This does not mean I am against the populous outrage that Trump has launched. Indeed, I have written:

 This is no time for halfway free market talk, it is a time to deliver the entire free market message. This is our time. This is our opportunity.

Trumpism needs to be turned into libertarianism. Indeed, the term Trumpism should be co-opted by us to mean free markets and liberty.

It is just that Trump that needs to be shown the door, not a Trumpism that we promote as favoring free markets and liberty. If we move the debate beyond just Biden-Trump for the upcoming term, the answer is clear. Trump has to go and we must find a new voice that is much more principled in support of free markets and liberty. 



  1. Hmmmm. Choose the lesser of two evils (Biden instead of Trump) as a means of another choice of the lesser of two evils (the pre-Trump Republican Party, instead of the current, Trumpian Republican Party incarnation). My head is starting to spin.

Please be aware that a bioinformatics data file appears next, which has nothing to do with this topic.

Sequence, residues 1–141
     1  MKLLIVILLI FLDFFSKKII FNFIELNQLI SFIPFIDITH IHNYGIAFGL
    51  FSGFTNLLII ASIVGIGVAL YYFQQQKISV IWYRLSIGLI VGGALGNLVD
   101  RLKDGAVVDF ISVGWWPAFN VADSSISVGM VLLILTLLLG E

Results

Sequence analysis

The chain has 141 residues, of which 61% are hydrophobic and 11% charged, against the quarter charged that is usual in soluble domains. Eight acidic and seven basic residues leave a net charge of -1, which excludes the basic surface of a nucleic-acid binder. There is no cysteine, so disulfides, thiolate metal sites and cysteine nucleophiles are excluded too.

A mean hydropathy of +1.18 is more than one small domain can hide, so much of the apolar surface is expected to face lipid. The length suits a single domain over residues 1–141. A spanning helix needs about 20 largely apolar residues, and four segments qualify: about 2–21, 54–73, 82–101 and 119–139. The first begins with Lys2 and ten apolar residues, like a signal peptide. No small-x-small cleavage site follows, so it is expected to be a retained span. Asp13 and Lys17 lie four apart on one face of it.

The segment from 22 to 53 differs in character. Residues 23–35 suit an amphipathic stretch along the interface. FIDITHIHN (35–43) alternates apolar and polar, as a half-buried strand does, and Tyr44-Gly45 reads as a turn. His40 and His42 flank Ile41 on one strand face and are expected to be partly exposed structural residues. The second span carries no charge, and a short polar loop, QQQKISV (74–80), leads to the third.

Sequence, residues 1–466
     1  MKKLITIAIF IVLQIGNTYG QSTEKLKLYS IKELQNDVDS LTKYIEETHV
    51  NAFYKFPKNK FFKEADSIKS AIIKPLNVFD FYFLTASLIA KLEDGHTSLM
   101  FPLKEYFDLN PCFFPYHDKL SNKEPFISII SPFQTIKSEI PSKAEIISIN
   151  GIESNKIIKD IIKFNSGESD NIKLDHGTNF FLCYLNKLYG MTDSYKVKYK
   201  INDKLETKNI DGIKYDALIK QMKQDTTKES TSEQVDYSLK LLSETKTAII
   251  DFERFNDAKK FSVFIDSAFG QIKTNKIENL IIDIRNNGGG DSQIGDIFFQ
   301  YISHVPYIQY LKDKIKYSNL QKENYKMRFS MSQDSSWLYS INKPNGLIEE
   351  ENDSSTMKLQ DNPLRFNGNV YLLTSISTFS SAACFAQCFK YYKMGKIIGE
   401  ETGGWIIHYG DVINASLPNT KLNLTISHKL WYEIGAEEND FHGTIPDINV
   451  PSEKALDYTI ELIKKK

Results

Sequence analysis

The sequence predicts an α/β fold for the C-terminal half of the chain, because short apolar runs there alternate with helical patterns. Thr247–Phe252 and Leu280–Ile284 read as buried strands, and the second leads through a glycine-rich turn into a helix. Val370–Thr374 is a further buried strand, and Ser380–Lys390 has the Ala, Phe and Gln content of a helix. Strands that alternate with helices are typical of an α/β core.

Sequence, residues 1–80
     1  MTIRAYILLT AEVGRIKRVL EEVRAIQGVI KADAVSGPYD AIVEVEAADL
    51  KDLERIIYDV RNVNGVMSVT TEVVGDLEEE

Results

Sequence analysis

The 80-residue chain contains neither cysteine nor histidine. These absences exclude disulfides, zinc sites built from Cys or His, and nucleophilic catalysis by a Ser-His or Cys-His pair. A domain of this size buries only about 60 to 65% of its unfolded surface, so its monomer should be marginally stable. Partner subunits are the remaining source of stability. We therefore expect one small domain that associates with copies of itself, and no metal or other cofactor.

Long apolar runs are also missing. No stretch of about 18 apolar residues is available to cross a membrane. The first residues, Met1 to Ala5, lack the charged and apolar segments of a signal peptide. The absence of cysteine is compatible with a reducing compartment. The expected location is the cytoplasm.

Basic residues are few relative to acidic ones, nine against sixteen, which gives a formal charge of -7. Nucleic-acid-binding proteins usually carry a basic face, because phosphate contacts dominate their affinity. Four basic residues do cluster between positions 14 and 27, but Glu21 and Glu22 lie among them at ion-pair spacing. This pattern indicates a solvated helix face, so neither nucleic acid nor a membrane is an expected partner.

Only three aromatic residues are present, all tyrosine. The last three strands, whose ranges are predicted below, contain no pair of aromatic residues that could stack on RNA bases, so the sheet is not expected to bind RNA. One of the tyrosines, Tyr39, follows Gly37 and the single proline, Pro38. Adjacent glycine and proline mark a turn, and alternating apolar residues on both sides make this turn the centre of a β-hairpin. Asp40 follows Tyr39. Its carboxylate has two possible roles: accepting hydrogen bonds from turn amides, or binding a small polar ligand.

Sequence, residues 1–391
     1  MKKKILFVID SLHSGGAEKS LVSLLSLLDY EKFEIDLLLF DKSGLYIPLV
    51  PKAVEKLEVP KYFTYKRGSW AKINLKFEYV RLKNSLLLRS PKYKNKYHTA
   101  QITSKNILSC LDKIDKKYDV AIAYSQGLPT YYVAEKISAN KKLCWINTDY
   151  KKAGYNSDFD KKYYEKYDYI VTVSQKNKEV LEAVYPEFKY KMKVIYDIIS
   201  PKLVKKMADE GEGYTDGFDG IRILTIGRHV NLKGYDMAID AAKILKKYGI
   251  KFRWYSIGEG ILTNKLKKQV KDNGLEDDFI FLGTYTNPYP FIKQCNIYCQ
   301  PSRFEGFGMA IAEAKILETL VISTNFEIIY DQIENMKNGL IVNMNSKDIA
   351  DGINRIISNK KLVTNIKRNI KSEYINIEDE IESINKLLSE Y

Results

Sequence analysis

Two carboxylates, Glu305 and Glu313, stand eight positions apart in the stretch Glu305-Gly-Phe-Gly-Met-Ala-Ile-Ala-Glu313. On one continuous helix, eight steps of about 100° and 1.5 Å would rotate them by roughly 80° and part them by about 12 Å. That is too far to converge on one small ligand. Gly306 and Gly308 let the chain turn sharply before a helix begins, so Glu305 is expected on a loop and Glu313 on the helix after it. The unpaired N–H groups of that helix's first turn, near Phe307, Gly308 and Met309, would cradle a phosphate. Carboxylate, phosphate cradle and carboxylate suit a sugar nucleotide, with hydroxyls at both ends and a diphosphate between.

I don't think the Republican Party is redeemable or salvageable. They abandoned conservative principles for good long ago. And we'd probably have just a weak splinter-group, spin-off come into existence, and divide and siphon-off the conservative vote in 2024 (like Teddy Roosevelt's Bull Moose Party in 1912, giving the evil Woody Wilson an undeserved win, and sending Taft home with the loss).
    On top of that, in my view, Biden and all he brings with him, in the aggregate, is still the greater of two evils.

    1. The only reason Republicans have any traction at the local or state level because there is no other realistic and viable 3rd party alternatives. If anyone listens to some local conservative radio, many are not real happy with Team R. The AZ and GA Republicans have now shot themselves in the foot in any future elections that may come along.